A year ago the summer anthem was “Blowing Money Fast” by Rick Ross. Though the lyrics glorified high-profile criminals, Black men of all walks of life bumped this tune and sang along.
Writer Felicia Pride noted that even highly educated men had a gangsta-inspired double consciousness. This makes sense, especially when we live in a society where Black men receive kudos essentially for two accomplishments: entertainment and athletics.
I am convinced though that the confidence and swagger that Rick Ross provides on this track, as well as his others, is important for men to use in their academic pursuits as well. In fact, once brothers in college and the workforce develop a positive “Big Meech” ethos, our communities will benefit from balanced images of what success is for Black men. There are three components to developing this ethos.
First, we must be authentic. We live in a very inauthentic world. Products we buy advertise real and pure, acknowledging that many others lack authenticity. But we are at our best when we are authentic, not performing as someone else, not thinking that we’re Larry Hoover or MC Hammer, but our own, unique person. This means we need to define for ourselves our values and priorities. The days for performing are over.
Second, we have to work hard. Yes, every day we need to hustle. Too many people just expect for things to fall in place with limited effort. In fact, the sense of entitlement is rampant. How can you halfway go to class and then expect an “A” grade? How can you provide mediocre work and expect an annual raise? Those who succeed work the hardest. They go above and beyond consistently with the goal of being the best.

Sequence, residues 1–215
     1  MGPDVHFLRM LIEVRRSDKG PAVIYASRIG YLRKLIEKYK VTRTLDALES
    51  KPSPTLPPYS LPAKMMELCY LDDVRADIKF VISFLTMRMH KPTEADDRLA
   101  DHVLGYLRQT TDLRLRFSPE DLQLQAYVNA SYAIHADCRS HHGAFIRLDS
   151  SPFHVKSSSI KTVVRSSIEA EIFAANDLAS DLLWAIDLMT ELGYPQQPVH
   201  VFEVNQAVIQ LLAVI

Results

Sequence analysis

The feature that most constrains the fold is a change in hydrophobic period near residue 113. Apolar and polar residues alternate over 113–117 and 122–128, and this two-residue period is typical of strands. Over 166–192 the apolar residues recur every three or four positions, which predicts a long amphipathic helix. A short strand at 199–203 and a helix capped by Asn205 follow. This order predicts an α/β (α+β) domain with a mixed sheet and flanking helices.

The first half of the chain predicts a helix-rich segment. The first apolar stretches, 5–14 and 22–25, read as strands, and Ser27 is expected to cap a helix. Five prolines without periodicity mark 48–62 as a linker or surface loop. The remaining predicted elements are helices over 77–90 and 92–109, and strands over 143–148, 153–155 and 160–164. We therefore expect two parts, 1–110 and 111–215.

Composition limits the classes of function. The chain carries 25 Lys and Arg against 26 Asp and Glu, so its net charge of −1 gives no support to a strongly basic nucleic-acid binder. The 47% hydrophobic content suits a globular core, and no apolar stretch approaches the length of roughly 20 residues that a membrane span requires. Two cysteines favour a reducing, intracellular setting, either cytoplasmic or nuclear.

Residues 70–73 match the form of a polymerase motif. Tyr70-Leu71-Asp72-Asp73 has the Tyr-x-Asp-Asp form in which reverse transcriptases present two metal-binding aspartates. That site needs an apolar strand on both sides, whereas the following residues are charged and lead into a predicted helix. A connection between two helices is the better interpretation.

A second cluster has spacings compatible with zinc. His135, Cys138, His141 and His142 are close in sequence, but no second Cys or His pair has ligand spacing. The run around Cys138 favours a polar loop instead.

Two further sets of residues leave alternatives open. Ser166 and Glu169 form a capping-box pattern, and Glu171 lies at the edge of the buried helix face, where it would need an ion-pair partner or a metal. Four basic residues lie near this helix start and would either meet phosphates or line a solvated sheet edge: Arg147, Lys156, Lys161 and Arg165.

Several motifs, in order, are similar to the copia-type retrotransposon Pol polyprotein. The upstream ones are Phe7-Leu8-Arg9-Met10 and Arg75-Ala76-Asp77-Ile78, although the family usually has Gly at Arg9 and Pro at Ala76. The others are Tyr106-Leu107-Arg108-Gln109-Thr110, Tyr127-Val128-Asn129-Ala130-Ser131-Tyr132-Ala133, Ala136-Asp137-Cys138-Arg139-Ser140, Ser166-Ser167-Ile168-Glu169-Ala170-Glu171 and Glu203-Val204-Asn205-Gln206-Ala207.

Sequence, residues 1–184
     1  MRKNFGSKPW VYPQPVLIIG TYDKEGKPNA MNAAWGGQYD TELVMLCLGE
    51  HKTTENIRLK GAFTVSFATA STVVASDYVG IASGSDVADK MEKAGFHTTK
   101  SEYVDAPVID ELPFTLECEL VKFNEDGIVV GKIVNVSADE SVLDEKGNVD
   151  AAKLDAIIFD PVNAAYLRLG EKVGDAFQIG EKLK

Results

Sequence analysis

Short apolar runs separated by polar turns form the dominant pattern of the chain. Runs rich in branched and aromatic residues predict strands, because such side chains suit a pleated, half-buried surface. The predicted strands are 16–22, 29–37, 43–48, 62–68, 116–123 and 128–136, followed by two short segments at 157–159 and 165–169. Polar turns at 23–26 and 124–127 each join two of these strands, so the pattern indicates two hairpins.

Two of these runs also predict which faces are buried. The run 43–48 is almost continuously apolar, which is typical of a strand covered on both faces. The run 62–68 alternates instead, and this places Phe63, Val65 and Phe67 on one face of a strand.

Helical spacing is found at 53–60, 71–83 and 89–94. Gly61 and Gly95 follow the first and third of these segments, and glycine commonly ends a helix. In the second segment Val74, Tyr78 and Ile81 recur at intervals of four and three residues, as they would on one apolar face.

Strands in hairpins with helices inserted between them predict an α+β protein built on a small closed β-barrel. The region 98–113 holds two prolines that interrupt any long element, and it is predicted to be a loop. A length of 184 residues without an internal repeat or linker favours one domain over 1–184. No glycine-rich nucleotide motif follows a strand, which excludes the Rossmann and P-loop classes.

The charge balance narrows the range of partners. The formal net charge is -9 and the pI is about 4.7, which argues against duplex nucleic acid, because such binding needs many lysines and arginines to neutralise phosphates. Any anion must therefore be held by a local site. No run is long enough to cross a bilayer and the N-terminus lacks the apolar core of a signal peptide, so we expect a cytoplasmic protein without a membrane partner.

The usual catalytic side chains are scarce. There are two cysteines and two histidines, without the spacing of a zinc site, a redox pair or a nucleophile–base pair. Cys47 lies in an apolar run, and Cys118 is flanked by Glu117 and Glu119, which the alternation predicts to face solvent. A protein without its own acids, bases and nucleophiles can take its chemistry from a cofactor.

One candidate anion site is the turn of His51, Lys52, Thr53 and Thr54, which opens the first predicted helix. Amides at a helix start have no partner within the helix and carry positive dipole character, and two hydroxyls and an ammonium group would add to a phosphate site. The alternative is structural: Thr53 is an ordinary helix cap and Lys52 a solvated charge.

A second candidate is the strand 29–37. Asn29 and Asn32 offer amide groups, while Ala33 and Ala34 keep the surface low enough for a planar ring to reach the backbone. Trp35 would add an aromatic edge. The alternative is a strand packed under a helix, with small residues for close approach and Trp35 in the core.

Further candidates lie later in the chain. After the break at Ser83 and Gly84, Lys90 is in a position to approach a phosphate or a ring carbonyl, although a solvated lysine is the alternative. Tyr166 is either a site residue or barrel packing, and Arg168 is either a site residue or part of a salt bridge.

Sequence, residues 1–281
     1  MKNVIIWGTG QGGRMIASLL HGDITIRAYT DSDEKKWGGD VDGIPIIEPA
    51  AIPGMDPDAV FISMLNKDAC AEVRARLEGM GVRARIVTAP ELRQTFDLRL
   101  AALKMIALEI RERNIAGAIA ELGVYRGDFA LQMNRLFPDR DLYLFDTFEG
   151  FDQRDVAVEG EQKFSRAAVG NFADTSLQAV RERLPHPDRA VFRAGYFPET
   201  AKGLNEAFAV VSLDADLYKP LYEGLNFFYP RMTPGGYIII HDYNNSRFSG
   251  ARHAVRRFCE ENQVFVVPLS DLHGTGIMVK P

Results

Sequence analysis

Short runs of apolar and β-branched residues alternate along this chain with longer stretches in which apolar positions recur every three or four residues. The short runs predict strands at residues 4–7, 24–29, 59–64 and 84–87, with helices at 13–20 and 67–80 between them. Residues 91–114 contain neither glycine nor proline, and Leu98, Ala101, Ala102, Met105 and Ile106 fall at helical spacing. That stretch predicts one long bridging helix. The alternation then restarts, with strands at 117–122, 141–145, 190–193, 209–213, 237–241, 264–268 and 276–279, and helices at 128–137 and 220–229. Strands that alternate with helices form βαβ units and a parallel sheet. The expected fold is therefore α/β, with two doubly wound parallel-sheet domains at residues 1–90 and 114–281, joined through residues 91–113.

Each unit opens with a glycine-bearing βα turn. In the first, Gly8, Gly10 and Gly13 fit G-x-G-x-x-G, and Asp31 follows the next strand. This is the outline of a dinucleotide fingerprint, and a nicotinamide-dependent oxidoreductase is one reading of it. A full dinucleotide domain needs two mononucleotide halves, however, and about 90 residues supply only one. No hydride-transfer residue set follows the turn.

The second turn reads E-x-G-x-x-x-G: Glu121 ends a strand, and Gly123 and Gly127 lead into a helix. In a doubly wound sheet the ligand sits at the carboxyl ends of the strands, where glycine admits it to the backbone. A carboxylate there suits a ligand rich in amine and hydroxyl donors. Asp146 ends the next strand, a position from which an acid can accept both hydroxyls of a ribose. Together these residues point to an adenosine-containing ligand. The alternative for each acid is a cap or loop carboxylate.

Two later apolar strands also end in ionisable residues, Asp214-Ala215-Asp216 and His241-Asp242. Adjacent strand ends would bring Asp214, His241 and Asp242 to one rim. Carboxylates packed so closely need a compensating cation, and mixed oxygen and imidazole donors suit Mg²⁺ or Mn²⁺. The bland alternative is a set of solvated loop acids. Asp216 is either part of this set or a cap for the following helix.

I heard a college president speak who came to America as an immigrant who shared that immigrants are four times as likely as Americans to be millionaires because they come here with little money but a belief in the American dream. Then, they WORK hard to achieve that dream. In the meantime, we’re sitting back waiting to blow up. While we talk a good game, they’re hustling. Stop talking.
Finally, you have to take initiative. This is probably the quality that is most scarce today. Everyone is waiting for someone else to do something before they do it. They’re simply trying to catch up with the status quo. That’s a big mistake. Your job is to create the status quo, to set the trend. This is where the Big Meech ethos is most important. You have to be willing to take risks, to fail, in order to achieve success. Initiative determines who becomes successful, and who remains mediocre.
The power with which Ross exclaims he is Big Meech causes everyone who hears him to want to be Big Meech too. We all need his conviction, but used to present an image of Black men that builds our communities. Just be you: authentic, hard-working, and taking initiative.
Give H.O.P.E. Live H.O.P.E.
Dr. Walter Kimbrough
President, Philander Smith College
About the Author
Dr. Walter M. Kimbrough assumed his present position as the 7th president of Dillard University in New Orleans in July of 2012. Kimbrough has been recognized for his research and writings on HBCUs and African American men in college. Kimbrough also has been noted for his active use of social media to engage students in articles by The Chronicle of Higher Education, CASE Currents, and Arkansas Life. He was cited in 2010 by Bachelors Degree.com as one of 25 college presidents you should follow on Twitter (@HipHopPrez). Kimbrough has forged a national reputation as an expert on fraternities and sororities, with specific expertise regarding historically Black, Latin and Asian groups. He is the author of the book, Black Greek 101: The Culture, Customs and Challenges of Black Fraternities and Sororities.